Brightness: Brightness isn’t just about how vibrant an image a projector can produce, it’s also about how dark the room is to begin with. Projectors rely on dark rooms for ideal image quality, so if you’re putting your projector in a room that isn’t completely dark, get the brightest model you can afford – it’s the one with the highest count of lumens.
While you’re shopping for the perfect home theater projector, don’t forget about the accessories that complete the experience.
Extra-long HDMI cables - Twisted Veins 100-ft. HDMI Cable with Ethernet
If you’re mounting your projector to the ceiling or putting it at the back of the room, you may need an extra-long HDMI cable to connect your cable box or streaming device. We like the cables from Twisted Veins because they’re super durable, they’re affordable, and they even include right-angle adapters so you can easily connect to your TV, even if it’s in a tight space or mounted against a wall.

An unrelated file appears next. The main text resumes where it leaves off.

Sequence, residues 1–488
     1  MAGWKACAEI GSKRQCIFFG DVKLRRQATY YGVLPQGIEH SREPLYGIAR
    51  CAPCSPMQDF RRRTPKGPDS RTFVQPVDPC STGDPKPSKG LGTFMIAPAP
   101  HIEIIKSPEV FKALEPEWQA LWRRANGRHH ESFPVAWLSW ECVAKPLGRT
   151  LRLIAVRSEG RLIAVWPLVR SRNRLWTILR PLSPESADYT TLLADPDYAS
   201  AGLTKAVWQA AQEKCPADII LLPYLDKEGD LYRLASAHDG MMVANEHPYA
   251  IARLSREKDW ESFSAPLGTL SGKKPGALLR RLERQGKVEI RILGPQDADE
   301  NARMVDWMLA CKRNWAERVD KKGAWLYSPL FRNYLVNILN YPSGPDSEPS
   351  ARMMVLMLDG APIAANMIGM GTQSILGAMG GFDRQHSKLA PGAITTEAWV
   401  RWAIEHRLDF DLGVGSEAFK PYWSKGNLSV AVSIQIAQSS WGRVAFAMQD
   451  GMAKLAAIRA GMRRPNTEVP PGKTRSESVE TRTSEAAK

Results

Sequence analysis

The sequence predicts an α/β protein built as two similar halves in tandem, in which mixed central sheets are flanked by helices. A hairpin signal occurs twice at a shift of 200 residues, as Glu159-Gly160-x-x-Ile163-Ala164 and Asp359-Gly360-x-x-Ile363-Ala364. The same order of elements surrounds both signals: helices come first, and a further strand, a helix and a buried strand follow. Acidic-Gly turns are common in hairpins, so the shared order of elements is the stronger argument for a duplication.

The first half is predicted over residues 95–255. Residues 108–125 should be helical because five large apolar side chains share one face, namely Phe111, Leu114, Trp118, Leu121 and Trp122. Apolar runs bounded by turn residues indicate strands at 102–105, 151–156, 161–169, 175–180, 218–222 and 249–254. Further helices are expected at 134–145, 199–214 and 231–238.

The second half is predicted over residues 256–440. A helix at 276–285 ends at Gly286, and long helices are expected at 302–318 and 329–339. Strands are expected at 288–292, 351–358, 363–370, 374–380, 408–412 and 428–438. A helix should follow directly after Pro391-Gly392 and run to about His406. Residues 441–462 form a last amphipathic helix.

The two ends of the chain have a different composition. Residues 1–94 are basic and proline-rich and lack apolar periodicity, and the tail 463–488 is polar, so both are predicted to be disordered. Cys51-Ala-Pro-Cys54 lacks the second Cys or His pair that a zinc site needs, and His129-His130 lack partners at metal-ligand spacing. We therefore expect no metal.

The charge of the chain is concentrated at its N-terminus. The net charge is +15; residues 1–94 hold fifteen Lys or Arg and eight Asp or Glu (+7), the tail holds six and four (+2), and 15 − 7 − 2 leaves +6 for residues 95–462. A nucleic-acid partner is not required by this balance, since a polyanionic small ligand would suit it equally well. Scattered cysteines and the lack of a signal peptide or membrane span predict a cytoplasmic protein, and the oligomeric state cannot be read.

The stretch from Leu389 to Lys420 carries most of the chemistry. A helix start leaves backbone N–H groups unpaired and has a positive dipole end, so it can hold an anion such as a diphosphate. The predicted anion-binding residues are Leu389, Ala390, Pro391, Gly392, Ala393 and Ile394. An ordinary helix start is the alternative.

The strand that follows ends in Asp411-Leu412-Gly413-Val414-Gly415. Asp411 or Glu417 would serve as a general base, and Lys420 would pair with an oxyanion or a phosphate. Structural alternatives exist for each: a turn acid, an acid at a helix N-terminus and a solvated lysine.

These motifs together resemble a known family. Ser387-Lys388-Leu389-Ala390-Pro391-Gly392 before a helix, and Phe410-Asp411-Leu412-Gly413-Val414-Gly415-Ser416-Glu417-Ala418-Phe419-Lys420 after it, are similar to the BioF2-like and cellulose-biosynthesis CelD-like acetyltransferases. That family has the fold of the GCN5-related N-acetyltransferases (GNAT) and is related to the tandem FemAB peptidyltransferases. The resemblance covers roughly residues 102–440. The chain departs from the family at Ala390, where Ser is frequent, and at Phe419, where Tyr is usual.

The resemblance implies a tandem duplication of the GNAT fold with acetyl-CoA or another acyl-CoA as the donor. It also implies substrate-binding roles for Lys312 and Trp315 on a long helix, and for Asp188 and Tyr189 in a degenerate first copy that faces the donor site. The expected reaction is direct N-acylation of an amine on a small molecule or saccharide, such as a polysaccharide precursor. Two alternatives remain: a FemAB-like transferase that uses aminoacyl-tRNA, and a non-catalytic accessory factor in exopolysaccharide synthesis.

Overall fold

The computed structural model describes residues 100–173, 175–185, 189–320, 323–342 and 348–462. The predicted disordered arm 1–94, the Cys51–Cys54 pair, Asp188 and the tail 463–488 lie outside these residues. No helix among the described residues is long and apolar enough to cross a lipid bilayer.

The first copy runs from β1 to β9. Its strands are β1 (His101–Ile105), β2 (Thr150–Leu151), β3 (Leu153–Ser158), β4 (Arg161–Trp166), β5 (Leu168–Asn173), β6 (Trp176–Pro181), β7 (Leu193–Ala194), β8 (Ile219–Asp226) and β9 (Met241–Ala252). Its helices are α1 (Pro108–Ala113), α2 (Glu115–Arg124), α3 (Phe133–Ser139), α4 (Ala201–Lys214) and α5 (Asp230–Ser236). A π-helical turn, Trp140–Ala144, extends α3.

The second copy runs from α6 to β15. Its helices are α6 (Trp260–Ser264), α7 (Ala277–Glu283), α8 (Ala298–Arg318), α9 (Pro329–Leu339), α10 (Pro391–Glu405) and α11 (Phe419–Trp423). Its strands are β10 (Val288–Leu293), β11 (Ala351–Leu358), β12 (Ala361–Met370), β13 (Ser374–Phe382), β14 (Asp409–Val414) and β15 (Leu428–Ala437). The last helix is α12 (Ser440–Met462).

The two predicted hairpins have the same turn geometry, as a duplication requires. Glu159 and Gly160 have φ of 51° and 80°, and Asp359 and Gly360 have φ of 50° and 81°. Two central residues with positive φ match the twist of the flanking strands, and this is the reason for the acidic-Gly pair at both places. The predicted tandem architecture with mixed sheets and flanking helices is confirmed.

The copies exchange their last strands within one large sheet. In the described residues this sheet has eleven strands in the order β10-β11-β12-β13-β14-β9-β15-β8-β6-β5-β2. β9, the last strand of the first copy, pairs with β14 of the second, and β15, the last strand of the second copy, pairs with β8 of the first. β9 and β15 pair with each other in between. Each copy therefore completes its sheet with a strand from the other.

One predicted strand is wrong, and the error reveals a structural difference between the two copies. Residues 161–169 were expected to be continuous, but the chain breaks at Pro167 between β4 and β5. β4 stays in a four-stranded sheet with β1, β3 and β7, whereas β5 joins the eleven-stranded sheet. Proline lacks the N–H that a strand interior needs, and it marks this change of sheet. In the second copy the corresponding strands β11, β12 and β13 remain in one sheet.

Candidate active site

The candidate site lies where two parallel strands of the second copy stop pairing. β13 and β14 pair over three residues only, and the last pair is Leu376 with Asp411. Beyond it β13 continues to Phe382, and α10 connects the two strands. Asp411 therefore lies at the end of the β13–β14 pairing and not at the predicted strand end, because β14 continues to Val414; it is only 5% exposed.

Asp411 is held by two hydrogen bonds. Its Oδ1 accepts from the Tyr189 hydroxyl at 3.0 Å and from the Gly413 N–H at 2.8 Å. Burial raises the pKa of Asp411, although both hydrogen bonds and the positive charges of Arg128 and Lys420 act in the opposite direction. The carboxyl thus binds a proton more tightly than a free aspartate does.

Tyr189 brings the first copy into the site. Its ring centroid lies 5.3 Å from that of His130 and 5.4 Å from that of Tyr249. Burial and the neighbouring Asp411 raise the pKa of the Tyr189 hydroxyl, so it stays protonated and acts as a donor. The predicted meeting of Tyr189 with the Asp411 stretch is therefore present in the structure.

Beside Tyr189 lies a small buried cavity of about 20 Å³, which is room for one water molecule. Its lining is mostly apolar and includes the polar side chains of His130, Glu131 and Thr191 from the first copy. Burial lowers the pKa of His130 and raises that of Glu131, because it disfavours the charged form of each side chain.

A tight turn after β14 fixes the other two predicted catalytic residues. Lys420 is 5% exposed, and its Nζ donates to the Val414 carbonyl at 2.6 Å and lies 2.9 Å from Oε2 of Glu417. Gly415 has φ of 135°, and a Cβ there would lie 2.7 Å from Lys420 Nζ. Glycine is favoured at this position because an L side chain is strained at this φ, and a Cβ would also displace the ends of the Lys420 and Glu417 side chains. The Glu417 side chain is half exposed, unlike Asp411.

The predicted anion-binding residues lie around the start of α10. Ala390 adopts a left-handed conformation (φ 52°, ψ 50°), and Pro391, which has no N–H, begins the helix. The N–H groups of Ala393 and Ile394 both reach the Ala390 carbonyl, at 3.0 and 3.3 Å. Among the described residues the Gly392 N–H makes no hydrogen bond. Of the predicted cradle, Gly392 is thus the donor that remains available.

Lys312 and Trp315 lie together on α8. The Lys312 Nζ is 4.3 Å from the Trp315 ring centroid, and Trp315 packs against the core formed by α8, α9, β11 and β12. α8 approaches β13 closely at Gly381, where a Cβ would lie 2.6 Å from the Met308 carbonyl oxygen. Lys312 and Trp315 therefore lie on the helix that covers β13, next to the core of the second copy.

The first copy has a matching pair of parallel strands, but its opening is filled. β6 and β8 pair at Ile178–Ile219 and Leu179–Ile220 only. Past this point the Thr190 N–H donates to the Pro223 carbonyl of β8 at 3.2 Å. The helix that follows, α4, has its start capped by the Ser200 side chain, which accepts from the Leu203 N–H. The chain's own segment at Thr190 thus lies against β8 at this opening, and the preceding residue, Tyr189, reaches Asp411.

There are a lot of great soundbars out there, but Samsung’s HW-Q80R stands out because it supports 4K HDR passthrough as well as high-end surround formats like Dolby Atmos, Dolby TrueHD, and DTS-HD Master Audio. Throw in the wireless subwoofer and the Alexa compatibility and you’ve got a soundbar that can control your smart home and sound great doing it.
Universal remote - Logitech Harmony Smart Control
Logitech has a variety of universal remotes, each good for particular use cases — but their ‘jack of all trades’ model is the Harmony Smart Control. It’s got a super-simple remote with all buttons and no screen, plus a hub that can translate remote commands to all of your home theater components and smart home devices. If you’re looking for one remote to control your projector, your content source, and your smart lighting, this is the one.
Inexpensive: Between $500 and $1,000 you’ll find home theater projectors with a maximum resolution of 1920 x 1080 (1080p). Projectors in this price bracket are solid performers – if you don’t mind forgoing 4K – and are perfect for modest home theaters.